By Beppe Mauro
At a time of economic and employment crisis like the one we are experiencing now, the protection of the quality of life, both at personal and social level, we have reached cannot be disjointed from the development of all business and employment opportunities, looking for new areas of intervention and borrowing virtuous models that already exist in other countries.
The hard realization that the crisis we are experiencing is not one of the “usual” cyclical crises we had been used to when facing a mismatch between market demand and offer or between real and speculative economy has now definitely dropped from specialist desks onto the table of lay families. This is a systemic crisis that will not resolve for those – either common people or companies – who will unable to live in new markets, finding the right place and manner to use most of their talents.
One area still too neglected in entrepreneurial and employment terms is the so called “third sector” or non-profit sector, comprising all those activities marked by social scopes that go beyond but do not exclude the simple dynamics of profit as a business principle.
Social enterprise, unlike the traditional business for profit, motivates its existence with the pursuit of socially useful objectives, e.g. to protect health, environment, architectural and artistic heritage, the promotion of cultural activities, sports, welfare. This however does not prevent social enterprise from operating through principles of economic logics that ensure its sustainability through the achievement of incomes and a fair remuneration of its employees.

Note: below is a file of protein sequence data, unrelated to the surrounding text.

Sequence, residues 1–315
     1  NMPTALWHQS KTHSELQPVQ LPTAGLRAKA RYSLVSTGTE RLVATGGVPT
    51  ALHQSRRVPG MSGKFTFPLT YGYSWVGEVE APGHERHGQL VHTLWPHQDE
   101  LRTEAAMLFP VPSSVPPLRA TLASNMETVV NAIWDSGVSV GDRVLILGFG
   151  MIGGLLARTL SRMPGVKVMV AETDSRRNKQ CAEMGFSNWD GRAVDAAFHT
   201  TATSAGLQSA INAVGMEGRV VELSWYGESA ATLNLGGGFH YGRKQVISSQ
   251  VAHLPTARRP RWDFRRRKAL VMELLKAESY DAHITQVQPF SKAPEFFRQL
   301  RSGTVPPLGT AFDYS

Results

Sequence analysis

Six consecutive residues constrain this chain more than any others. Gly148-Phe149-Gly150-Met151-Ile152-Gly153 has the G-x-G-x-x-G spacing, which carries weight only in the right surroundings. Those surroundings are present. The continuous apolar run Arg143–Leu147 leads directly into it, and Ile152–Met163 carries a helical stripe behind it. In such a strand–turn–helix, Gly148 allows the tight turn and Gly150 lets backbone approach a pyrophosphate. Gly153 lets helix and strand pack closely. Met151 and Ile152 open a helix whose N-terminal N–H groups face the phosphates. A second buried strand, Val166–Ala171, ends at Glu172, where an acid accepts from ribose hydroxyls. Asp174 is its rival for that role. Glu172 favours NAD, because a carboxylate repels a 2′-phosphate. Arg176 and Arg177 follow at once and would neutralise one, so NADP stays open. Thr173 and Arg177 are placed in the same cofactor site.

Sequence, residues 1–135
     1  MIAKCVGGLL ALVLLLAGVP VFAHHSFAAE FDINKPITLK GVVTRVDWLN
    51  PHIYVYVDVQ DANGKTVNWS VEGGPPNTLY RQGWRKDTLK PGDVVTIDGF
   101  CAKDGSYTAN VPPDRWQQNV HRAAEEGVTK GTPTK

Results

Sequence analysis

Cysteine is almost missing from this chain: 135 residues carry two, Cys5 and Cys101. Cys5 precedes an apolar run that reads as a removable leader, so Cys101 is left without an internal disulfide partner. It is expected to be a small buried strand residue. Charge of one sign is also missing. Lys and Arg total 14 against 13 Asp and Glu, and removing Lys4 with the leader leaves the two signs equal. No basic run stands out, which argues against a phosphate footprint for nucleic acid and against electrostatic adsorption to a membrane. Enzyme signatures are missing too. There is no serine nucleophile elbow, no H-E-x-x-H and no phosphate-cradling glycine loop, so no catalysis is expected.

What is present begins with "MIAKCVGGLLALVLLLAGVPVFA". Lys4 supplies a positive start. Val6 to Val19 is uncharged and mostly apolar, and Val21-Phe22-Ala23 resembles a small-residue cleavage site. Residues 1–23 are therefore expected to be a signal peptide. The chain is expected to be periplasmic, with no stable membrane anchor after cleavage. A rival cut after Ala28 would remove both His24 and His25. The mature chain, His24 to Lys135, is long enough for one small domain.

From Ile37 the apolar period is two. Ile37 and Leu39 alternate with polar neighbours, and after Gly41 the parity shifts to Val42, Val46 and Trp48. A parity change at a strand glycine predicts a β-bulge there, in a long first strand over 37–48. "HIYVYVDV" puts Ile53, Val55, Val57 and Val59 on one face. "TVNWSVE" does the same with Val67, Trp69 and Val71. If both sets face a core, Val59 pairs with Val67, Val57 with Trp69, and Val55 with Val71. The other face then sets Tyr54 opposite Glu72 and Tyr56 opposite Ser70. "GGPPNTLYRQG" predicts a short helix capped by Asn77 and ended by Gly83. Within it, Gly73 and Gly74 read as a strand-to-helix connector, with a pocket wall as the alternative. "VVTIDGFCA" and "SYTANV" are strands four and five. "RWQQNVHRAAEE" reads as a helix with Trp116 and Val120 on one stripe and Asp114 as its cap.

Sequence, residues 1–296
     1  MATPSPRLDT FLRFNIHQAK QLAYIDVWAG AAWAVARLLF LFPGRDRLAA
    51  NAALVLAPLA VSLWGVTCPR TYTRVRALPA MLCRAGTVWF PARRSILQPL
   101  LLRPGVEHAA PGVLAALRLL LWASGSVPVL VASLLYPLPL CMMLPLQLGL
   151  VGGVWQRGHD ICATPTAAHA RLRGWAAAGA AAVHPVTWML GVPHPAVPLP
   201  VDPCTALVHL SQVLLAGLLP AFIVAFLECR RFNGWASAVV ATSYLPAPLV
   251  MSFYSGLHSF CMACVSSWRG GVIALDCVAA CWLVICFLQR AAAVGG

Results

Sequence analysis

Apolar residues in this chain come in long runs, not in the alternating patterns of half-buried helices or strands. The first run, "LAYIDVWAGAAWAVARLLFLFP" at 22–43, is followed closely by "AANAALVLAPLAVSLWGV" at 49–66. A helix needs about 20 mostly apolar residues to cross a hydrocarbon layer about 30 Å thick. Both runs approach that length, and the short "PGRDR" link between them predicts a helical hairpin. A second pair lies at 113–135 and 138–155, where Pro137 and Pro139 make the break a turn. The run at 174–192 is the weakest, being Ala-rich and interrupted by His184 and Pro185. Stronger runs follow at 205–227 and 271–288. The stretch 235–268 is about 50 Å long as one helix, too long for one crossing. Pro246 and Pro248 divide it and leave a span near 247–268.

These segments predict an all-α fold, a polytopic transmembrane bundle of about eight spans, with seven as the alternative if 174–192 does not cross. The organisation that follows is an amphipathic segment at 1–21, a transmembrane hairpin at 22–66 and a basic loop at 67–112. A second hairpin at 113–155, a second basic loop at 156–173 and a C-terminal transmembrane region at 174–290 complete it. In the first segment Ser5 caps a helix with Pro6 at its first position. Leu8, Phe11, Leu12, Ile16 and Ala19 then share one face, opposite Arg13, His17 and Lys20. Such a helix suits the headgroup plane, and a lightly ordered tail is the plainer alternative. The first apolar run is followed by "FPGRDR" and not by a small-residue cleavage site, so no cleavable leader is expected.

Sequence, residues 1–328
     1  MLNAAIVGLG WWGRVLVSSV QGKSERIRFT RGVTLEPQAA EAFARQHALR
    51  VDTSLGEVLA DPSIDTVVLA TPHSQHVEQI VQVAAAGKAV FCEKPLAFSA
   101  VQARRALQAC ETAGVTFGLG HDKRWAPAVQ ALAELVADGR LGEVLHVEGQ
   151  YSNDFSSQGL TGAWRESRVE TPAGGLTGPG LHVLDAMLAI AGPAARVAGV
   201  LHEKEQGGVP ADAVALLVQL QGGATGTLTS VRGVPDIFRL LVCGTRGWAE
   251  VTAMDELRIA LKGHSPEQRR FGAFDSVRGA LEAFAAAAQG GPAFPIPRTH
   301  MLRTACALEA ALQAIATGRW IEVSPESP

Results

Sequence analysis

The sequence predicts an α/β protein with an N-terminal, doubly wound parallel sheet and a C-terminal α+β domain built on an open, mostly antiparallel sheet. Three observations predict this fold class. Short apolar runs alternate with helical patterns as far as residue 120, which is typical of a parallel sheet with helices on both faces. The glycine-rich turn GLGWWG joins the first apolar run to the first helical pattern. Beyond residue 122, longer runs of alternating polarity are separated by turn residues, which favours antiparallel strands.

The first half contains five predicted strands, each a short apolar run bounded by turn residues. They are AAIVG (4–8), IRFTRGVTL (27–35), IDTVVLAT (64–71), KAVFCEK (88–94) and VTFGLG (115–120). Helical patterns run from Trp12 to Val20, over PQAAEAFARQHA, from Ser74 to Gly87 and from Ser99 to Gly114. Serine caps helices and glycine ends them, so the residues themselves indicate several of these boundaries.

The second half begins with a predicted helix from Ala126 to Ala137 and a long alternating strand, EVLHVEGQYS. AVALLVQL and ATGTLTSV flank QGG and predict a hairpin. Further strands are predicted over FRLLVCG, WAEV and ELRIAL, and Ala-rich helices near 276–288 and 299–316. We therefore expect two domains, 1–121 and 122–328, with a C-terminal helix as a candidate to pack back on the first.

In this context, Anglo-Saxon Countries and those influenced by Calvinist culture are much more ahead than Mediterranean countries. This may be due to a preconception, strictly Catholic, that being money the “Devil’s dung”, it is incompatible with the objective of “doing good”, which in Catholic countries often becomes synonymous with “volunteering” in accordance with the principle that a good action is either unselfish or it is not good.
In the Christian Protestant West, instead, and more than elsewhere, the idea that you can do actions which are noble and useful for others or the community has also been combined with the allowance that you can do it as a profession, which is earning your honest living as well. These different approaches have generated different legislative contexts, of course: more open and rich of opportunities in Northern Europe and in the USA, more restrictive and less favorable to social entrepreneurship in Mediterranean countries. Yet even in the latter, in most recent times and under the pressure of the crisis of the State’s social welfare, they have introduced new rules that allow to combine business and enterprise for purposes of public interest and social utility. The different historical direction above described has left a gap between countries advanced in social entrepreneurship and those who have a smaller number of business activities in this field, and often less capitalized and with less employees. But having to face similar levels of demand for social-utility services, e.g. health and socio-cultural services, sport and recreational activities, caring assistance etc. such a gap (made worse by the crisis of traditional providers such as the State or the Church) represents an important opportunity for business and employment. This is valid both for those wishing to practice within their country both for those who would rather join international or transnational projects to benefit from regulations and funding resources of other countries.
Before concluding, I’d also like to point out that social entrepreneurship fills a role of substitute for providers of social welfare and so it is often rewarded with favorable treatments like tax reduction and often the lifting of costs of labor through tax benefits and contributions. Other reasons to decide to go happily for “good actions production”.
Dr Giuseppe Mauro
Chartered Accountant & Surveyor Consultant for non-profit business and social enterprise at national and international level
VA Charge’ d’Affairs for UK and Argentina